UN passes historic resolution calling for Independent Expert on LGBTI rights

  • post Type / Advocacy News
  • Date / 1 July 2016

In an historic move, the United Nations has adopted a resolution to appoint the first Independent Expert on Sexual Orientation and Gender Identity (SOGI).

During the defining vote yesterday in Geneva, the United Nations Human Rights Council adopted a resolution on “Protection against violence and discrimination based on sexual orientation, and gender identity,” mandating the appointment of an Independent Expert on the subject.

Voting results on SOGI resolution at UN Human Rights Council

Voting results on SOGI resolution at UN Human Rights Council

This vote came in response to a joint campaign led by International Lesbian And Gay Association (ILGA), and including the IHEU, of a record 628 nongovernmental organizations from 151 countries calling on the Council to adopt the resolution and create the SOGI Independent Expert. The IHEU also joined two oral statements delivered at the Council on the matter, one led and delivered by ILGA, the other by the Swedish Federation for Lesbian, Gay, Bisexual, Transgender and Queer Rights

The new Independent Expert will monitor human rights violations against LGBTI people across the world, assess the implementation of anti-discrimination laws and human rights laws, as well as identify best practices and gaps, and raise awareness of violence and discrimination on the grounds of sexual orientation and gender identity. She or he will also seek to facilitate the provision of advisory services, technical assistance and capacity-building  to help address violence and discrimination.

Of the vote, IHEU director of advocacy, Elizabeth O’Casey, said, “Given the grave situation for so many LGBTI people across the world and the current membership of the Council, it is truly wonderful that the international community now has the mandate to create a mechanism to work for the human rights of lesbian, gay, bisexual, intersex and trans people specifically.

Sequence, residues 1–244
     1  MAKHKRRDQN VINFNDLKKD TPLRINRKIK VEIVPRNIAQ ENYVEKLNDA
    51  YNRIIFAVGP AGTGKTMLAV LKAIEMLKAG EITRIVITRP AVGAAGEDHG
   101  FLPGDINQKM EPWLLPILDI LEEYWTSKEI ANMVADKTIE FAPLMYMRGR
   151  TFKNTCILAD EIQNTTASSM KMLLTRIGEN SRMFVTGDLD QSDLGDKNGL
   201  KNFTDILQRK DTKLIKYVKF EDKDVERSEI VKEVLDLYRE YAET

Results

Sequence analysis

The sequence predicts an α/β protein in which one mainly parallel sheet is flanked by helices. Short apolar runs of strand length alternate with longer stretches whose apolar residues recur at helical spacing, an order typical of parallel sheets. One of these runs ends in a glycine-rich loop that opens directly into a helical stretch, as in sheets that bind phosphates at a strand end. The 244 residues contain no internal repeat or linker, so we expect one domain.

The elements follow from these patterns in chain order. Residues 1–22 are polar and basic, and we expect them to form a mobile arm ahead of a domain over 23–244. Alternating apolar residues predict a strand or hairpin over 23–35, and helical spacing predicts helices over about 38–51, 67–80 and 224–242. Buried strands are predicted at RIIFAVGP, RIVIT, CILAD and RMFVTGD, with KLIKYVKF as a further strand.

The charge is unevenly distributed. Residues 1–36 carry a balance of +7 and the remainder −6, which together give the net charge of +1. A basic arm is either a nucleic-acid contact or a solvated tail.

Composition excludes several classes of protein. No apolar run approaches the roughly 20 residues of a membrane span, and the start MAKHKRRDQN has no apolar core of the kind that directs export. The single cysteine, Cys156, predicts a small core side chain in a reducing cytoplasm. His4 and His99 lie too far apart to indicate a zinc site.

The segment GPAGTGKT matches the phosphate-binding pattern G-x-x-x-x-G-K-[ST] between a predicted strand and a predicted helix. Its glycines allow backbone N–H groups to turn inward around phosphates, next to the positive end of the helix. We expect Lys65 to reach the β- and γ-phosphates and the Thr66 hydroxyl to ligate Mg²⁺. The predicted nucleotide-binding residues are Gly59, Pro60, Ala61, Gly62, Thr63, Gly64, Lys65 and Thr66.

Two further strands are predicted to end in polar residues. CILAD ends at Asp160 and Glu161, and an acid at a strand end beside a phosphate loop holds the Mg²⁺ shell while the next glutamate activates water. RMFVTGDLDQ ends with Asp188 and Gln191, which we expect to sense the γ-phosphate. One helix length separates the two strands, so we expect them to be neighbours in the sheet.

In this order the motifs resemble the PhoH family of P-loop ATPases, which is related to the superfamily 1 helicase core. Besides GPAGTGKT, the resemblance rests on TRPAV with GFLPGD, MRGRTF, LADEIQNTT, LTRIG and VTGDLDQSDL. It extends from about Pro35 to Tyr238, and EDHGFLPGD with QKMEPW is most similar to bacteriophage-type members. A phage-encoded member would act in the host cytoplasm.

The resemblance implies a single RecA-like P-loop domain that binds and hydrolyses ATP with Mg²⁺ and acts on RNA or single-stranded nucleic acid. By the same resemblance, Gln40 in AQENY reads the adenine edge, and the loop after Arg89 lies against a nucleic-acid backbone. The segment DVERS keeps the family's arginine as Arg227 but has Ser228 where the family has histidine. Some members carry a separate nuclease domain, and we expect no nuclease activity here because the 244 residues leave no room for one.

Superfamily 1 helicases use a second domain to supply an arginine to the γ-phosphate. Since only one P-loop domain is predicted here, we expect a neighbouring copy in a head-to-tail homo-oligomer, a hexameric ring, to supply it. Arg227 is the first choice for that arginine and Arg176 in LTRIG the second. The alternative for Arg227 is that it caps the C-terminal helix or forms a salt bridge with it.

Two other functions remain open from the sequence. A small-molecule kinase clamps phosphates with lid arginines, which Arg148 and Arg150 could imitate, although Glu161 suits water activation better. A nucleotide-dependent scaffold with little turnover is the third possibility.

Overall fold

“With an independent expert in place, the arguments of cultural relativism and religious particularities offered by a number of states currently to deny equal rights to LGBTI people will finder it harder and harder to maintain an audience.”

Although a number of hostile amendments seeking to introduce notions of cultural relativism were adopted into the text by vote, the core of the resolution affirming the universal nature of international human rights law was maintained.

The resolution was passed with 23 votes in favour, 18 against and 6 abstentions. The voting broke down as follows:

Those in voting in favor of the resolution: Albania, Belgium, Bolivia, Cuba, Ecuador, El Salvador, France, Georgia, Germany, Latvia, Macedonia, Mexico, Mongolia, Netherlands, Panama, Paraguay, Portugal, Republic of Korea, Slovenia, Switzerland, UK, Venezuela, Viet Nam

Those voting against the resolution: Algeria, Bangladesh, Burundi, China, Congo, Cote d’Ivoire, Ethiopia, Indonesia, Kenya, Kyrgyzstan, Maldives, Morocco, Nigeria, Qatar, Russia, Saudi Arabia, Togo, United Arab Emirates

Those who abstained: Botswana, Ghana, India, Namibia, Philippines, South Africa


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